Step Up 4: Miami Heat (PG) 3 Stars
Ryan Guzman, Misha Gabriel, Kathryn McCormick, Peter Gallagher
Director Scott Speer
You'll like this if you liked: the other Step Up films, Dirty Dancing, Flashdance
Ever since Patrick Swayze uttered those immortal words "Nobody puts Baby in a corner", females across the world have been waiting for another moment to eclipse the closing scene of Dirty Dancing.
It's probably going a bit too far to say the climax of the latest film in the Step Up franchise lives up to what could be classed as the ultimate chick-flick moment but it's hard not to draw comparisons between Scott Speer's first foray into feature films and Dirty Dancing - and indeed that other 80s girls' night staple Flashdance.
Certainly there are shades of Jennifer Grey in Kathryn McCormick's Emily, a daddy's girl who dreams of being a dancer but whose father "Mr Anderson" (Peter Gallagher), a wealthy property developer, is non-approving.
So too Emily's love interest Sean (Ryan Guzman) is almost a mirror image of Swayze's Johnny. He's a waiter at Mr Anderson's hotel but in his spare time is part of a group of local dancers, led by his mate Eddy (Misha Gabriel), who stage elaborate flash mobs in an effort to get enough hits on YouTube to win $100,000.
Emily and Sean's worlds collide at the beachside bar of her father's hotel one afternoon where sparks fly and the pair engage in a heated dance-off on the sand.
Worried she's been spotted fraternising with one of the staff by her father's next-in-charge, Emily scarpers quicker than you can say "I carried a watermelon".
Sean soon learns his mystery women's identity when he turns up to wait on her table while she is having dinner with her father. Keen to impress the woman who has stolen his heart, Sean invites Emily on a date to an art gallery, where his team of dancers have orchestrated another flash mob.
It's here - like with the opening scene in Step Up 4 - Speer's experience in making music videos comes to the fore and the audience, like Emily, are blown away by a radical performance featuring dancers disguised as artworks and ballerinas in glowing tutus.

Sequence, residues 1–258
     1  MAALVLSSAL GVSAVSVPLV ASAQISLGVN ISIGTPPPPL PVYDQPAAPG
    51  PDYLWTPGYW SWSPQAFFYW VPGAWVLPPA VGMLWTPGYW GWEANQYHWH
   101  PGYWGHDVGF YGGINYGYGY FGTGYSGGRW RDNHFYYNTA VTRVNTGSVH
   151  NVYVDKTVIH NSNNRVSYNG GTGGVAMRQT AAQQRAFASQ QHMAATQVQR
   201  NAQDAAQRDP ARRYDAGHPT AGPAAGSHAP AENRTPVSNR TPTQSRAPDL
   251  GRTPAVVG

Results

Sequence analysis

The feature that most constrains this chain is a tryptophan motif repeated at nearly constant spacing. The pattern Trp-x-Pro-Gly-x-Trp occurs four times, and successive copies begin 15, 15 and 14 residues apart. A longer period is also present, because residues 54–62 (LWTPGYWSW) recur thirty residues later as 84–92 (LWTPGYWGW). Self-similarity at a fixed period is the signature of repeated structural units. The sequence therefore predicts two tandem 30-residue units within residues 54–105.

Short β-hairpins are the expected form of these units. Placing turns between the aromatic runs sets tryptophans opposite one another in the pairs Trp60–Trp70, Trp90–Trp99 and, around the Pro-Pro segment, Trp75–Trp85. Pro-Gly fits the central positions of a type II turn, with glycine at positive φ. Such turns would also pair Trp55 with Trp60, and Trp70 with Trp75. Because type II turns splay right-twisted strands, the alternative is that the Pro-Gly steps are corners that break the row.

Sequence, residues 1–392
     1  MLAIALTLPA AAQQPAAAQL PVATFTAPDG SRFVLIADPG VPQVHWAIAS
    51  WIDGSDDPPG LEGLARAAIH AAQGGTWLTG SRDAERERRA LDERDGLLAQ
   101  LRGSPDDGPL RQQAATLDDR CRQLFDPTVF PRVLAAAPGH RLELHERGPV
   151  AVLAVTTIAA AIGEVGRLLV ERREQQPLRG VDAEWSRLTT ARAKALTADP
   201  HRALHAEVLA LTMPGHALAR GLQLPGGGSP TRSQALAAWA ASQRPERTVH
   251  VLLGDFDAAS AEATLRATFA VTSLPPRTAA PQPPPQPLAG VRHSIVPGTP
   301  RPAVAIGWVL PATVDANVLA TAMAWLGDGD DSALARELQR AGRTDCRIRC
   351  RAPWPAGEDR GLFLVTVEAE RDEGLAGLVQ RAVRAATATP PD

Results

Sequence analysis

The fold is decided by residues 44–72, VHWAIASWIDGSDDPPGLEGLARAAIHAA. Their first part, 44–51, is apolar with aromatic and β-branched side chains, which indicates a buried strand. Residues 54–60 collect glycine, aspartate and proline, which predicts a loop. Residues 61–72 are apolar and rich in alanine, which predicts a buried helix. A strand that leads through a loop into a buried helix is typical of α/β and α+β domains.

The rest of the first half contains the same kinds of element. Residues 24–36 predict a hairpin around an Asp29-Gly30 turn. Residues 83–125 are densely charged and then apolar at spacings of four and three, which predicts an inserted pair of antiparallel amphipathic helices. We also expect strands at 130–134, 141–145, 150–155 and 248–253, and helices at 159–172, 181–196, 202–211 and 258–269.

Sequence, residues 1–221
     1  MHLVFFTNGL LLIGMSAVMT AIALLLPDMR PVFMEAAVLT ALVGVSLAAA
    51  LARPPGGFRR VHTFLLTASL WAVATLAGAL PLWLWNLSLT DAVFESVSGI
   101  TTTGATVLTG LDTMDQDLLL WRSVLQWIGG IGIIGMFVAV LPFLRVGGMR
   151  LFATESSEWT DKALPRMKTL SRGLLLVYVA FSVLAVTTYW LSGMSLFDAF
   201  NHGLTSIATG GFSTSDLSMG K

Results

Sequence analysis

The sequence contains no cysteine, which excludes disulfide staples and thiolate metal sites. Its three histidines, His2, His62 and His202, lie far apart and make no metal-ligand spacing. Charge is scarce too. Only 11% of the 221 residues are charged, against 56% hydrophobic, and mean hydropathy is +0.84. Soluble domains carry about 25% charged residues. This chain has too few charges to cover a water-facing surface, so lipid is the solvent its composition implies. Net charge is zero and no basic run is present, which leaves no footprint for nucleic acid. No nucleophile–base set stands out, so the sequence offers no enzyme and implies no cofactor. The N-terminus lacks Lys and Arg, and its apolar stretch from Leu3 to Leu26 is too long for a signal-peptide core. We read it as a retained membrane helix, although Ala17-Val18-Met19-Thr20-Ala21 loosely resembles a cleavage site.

Keen to learn some new moves in order to get accepted into a prestigious dance academy, Emily wants in on the action and manages to convince Sean to let her join The Mob.
Of course, every film needs a bad fella and Step Up 4's comes in the form of Emily's dad, who just happens to be the man behind plans to demolish the ethnic area of Miami where most of The Mob live and replace it with a luxury living and shopping complex.
Needless to say, Sean keeps Emily's identity a secret from The Mob but she becomes a valuable member of the team when, disillusioned by her father, she encourages her friends to turn their performance art into protest art.
It's here the dance sequences become much more interesting as The Mob use their skills to fight for something they believe in.
We see them in business suits and then army overalls and gasmasks perform synchronised displays of people power which, as well as being stylistically impressive, are in fact quite moving to watch.
In fact, such is the intensity of the routines - helped, of course, by the 3-D effects - by the time The Mob come together for their final rallying routine (they bounce off trampolines and run up the side of shipping containers), we can't help but feel part of their cause.
Speer took a massive artistic leap in switching from music videos to feature films but he's made an impressive landing here, giving us a film that delivers where it matters most - in the dancing.
Sure, the dialogue is weak and the plot somewhat implausible but the Step Up movies have only ever really been dance flicks and should be enjoyed purely as such.
Indeed, it was almost as much fun watching the eight-year-old boy on the row behind me wriggle with excitement as it was Guzman and the gang bust a move on the big screen.
Whether Step Up 4's leading man can go on to be as successful as the late Swayze remains to be seen. But one thing's for sure, that little chap was having the time of his life.